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What is the best type, in C++, for storing UTF-8 string? I'd like to avoid rolling my own class if possible.

My original thought was std::string — however, this uses char as the underlying type. char may be unsigned or signed — it varies. On my system, it's signed. UTF-8 code units, however, are unsigned octets. This seems to indicate that it's the wrong type.

This leads us to std::basic_string<unsigned char> - which seems to fit the bill: unsigned, 8-bit (or larger) chars.

However, most things seem to use char. glib, for example, uses char. C++'s ostream's use char.

Thoughts?

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3 Answers 3

up vote 9 down vote accepted

I'd just use std::string, as it is consistent with the UTF-8 ideal of treating data just as you would null-terminated ASCII strings unless you actually need their unicode-ness.

I also like GTKmm's Glib::ustring, but that only works if you're writing a GTKmm (or at least Glibmm) application.

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The only real problem with using std::string is that some operators which are expected to work on characters could actually end up dealing with partial characters since UTF-8 is a multibyte encoding. For example, using operator[] would be broken for getting "characters" in addition to the string length not being directly accessible. (Size is available, but not length). –  Evan Teran Sep 29 '09 at 4:19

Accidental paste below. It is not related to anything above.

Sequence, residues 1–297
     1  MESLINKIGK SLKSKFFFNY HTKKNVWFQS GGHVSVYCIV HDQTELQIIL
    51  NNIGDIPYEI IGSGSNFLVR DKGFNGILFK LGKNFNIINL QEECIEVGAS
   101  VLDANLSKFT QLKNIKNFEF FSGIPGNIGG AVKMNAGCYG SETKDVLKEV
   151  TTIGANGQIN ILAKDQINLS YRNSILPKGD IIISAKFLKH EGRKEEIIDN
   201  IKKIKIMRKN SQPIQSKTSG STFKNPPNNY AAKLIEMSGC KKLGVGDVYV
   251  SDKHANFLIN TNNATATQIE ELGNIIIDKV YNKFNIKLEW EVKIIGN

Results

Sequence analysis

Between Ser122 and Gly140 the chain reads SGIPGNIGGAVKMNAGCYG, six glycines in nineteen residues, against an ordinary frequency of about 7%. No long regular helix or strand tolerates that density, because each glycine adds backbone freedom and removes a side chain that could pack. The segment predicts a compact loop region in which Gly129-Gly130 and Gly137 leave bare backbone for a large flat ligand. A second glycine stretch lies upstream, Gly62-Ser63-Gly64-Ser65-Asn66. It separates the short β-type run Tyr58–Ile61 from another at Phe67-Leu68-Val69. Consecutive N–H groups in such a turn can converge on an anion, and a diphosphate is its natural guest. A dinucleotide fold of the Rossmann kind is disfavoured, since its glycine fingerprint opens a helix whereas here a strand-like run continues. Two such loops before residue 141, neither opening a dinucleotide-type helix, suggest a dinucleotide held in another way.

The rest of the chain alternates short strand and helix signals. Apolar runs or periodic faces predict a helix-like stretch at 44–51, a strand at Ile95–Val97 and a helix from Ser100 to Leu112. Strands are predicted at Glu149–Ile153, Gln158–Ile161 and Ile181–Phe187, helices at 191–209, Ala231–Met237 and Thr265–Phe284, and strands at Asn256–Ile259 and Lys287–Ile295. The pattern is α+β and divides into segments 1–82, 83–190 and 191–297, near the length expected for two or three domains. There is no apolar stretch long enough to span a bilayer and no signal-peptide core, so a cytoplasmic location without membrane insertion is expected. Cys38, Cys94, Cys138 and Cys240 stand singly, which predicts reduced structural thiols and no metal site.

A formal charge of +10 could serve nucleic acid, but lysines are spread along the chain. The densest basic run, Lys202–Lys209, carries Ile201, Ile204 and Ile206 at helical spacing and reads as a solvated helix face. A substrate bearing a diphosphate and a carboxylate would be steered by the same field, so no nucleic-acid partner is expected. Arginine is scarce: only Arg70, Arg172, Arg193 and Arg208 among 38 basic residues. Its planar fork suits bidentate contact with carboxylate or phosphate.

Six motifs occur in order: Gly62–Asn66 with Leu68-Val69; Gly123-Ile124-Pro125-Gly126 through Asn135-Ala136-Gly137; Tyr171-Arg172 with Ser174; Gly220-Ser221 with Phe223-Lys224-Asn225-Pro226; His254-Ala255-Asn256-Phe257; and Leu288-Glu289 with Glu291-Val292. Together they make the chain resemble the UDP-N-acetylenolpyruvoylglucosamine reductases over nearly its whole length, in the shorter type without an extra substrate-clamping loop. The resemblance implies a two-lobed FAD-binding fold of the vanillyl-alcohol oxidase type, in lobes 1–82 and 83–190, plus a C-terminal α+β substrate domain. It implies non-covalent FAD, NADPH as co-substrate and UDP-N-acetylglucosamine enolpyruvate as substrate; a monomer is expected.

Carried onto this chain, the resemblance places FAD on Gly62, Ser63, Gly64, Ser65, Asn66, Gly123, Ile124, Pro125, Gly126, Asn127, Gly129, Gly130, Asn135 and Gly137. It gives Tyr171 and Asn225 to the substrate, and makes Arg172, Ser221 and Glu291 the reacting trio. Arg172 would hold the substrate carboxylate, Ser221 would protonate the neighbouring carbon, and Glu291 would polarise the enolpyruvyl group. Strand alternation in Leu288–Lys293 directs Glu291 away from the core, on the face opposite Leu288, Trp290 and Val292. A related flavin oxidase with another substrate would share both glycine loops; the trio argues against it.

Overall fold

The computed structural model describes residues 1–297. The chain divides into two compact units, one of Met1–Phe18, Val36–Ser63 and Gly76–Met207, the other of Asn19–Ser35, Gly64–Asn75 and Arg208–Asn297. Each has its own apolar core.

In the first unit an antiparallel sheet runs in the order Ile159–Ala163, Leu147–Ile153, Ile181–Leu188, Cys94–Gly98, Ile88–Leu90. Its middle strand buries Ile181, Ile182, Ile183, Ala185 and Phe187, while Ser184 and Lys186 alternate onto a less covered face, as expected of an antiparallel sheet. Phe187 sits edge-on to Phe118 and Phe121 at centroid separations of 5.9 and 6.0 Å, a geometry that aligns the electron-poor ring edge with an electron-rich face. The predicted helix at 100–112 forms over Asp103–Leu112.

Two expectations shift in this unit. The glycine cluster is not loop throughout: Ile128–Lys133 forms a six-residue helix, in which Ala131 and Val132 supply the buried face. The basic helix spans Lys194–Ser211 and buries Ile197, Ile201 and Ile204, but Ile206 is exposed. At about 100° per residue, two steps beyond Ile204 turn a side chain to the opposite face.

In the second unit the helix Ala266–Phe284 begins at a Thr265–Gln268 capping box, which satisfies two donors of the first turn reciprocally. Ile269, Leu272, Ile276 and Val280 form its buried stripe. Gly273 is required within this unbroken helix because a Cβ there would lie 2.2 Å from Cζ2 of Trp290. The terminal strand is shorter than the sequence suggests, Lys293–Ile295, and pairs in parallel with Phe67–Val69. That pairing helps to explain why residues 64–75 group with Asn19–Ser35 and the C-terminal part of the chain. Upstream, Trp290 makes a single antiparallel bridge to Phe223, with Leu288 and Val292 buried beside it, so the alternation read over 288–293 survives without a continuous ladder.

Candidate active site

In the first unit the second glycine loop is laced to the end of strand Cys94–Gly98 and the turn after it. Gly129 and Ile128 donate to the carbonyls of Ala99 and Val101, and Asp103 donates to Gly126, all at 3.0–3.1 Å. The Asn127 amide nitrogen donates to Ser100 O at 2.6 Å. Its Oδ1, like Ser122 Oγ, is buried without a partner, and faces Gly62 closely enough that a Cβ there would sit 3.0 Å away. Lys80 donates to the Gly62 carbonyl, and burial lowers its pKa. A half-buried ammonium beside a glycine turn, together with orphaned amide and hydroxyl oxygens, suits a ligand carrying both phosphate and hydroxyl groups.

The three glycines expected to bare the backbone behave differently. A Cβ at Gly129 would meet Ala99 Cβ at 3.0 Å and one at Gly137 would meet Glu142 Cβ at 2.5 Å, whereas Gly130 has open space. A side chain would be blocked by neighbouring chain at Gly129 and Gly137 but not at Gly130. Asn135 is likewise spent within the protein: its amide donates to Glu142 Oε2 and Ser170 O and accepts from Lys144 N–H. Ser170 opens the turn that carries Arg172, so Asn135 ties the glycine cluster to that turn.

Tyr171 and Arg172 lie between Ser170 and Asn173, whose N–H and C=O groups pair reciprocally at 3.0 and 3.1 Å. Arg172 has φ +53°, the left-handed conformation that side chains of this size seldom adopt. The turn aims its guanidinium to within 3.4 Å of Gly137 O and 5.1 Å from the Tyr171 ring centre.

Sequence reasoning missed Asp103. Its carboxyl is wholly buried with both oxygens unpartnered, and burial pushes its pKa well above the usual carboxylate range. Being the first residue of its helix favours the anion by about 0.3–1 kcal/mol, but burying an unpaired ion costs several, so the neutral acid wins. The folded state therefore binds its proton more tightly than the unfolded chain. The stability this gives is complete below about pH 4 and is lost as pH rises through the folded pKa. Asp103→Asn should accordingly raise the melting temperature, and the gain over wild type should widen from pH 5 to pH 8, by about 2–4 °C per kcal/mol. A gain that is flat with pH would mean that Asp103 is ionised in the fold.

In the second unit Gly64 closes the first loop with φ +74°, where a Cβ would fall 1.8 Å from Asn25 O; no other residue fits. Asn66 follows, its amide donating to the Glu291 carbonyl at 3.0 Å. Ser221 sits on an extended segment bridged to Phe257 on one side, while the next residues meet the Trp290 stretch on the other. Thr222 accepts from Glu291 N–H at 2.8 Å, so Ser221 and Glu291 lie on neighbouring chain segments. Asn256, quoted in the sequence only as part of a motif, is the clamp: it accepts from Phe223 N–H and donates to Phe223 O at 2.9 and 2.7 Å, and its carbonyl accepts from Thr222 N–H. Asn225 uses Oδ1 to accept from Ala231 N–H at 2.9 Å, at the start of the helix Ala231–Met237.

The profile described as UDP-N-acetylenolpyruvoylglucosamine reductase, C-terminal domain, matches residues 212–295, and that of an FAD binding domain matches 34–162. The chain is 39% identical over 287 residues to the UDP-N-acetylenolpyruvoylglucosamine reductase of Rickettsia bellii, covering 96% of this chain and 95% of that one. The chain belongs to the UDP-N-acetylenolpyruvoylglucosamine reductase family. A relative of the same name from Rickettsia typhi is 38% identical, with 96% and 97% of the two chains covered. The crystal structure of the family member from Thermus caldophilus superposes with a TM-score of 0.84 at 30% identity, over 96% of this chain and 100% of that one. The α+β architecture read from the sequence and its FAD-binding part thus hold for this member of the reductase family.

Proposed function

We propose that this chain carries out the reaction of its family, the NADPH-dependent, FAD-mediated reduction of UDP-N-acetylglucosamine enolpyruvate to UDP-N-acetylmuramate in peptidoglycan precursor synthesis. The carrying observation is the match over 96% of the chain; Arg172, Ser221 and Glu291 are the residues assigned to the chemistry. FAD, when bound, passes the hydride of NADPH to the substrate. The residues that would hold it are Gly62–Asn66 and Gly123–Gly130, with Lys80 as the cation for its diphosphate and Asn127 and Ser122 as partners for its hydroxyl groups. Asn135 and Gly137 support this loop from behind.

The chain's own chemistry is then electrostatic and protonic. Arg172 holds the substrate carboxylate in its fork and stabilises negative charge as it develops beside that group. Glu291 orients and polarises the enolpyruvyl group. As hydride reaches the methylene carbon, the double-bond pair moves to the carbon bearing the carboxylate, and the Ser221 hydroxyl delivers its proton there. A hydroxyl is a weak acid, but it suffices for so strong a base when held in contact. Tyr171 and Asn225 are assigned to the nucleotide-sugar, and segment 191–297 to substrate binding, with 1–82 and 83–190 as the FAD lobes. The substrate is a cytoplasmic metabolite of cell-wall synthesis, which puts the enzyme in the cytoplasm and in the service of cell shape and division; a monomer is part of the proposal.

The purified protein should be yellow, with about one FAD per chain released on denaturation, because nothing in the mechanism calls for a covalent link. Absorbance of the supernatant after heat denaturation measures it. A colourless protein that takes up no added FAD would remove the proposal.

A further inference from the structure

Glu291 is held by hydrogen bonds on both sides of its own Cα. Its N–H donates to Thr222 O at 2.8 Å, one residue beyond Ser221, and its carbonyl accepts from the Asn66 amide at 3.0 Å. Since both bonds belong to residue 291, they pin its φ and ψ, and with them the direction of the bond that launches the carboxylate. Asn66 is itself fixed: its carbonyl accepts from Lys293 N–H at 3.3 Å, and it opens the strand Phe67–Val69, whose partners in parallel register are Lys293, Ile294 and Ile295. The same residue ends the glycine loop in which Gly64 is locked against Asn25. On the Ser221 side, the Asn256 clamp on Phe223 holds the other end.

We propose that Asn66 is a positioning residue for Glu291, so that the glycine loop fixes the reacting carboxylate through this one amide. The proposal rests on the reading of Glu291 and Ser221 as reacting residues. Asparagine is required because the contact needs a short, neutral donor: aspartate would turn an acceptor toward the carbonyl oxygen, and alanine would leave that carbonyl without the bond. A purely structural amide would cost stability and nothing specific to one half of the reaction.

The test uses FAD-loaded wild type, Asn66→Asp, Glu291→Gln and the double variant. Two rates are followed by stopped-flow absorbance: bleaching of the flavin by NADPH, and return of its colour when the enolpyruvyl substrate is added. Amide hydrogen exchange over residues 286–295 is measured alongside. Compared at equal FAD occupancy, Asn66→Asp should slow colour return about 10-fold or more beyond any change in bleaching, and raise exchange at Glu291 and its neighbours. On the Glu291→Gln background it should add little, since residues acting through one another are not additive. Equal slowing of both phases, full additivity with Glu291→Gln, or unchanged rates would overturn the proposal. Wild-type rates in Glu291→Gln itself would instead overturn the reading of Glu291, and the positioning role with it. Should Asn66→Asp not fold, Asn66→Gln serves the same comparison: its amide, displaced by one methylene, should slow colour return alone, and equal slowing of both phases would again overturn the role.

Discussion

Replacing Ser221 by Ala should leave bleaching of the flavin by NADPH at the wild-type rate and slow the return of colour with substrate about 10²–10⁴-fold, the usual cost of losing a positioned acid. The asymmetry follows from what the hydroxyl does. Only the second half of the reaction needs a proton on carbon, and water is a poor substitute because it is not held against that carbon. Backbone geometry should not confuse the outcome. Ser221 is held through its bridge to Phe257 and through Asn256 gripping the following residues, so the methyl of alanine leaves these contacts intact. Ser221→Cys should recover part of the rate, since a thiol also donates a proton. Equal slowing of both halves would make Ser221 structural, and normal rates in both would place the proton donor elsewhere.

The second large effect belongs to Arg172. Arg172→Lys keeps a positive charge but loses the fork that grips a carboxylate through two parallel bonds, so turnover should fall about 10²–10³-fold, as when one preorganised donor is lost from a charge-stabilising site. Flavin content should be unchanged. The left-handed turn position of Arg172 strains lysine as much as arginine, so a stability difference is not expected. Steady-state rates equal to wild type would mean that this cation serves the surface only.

You just need to think of a string being an array of code units instead of an array of characters. Then the only string member functions that don't work are those like find_one_of that take a set of characters as an argument. –  dan04 Feb 11 '11 at 13:53
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@Evan: The definition of "characters" and "length" are so complex in Unicode (because of combining and ligatures and stuff), that they won't ever be directly accessible. It's kind of better not to pretend they are. –  Jan Hudec Sep 13 '11 at 10:04
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I've always just used std::string, myself -- somehow, the "signed" vs "unsigned" philosophical question just about never comes up as problematic in such a context (encoders and decoders to/from UTF-8 are things you only write rarely, after all; in an application context, you're just using the std::string as a "black box" of sorts!-).

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UTF-8 is a variable-length character encoding. std::basic_string supports only fixed-length character encodings. If you need to support variable-length encodings you could try ICU4C library.

ICU is a mature, widely used set of C/C++ and Java libraries providing Unicode and Globalization support for software applications. ICU is widely portable and gives applications the same results on all platforms and between C/C++ and Java software.

If you need just to store UTF-8 string I'd recommend to use std::vector<char>. That will indicate that you cannot perform actual string operations (which could be incorrect) on stored data.

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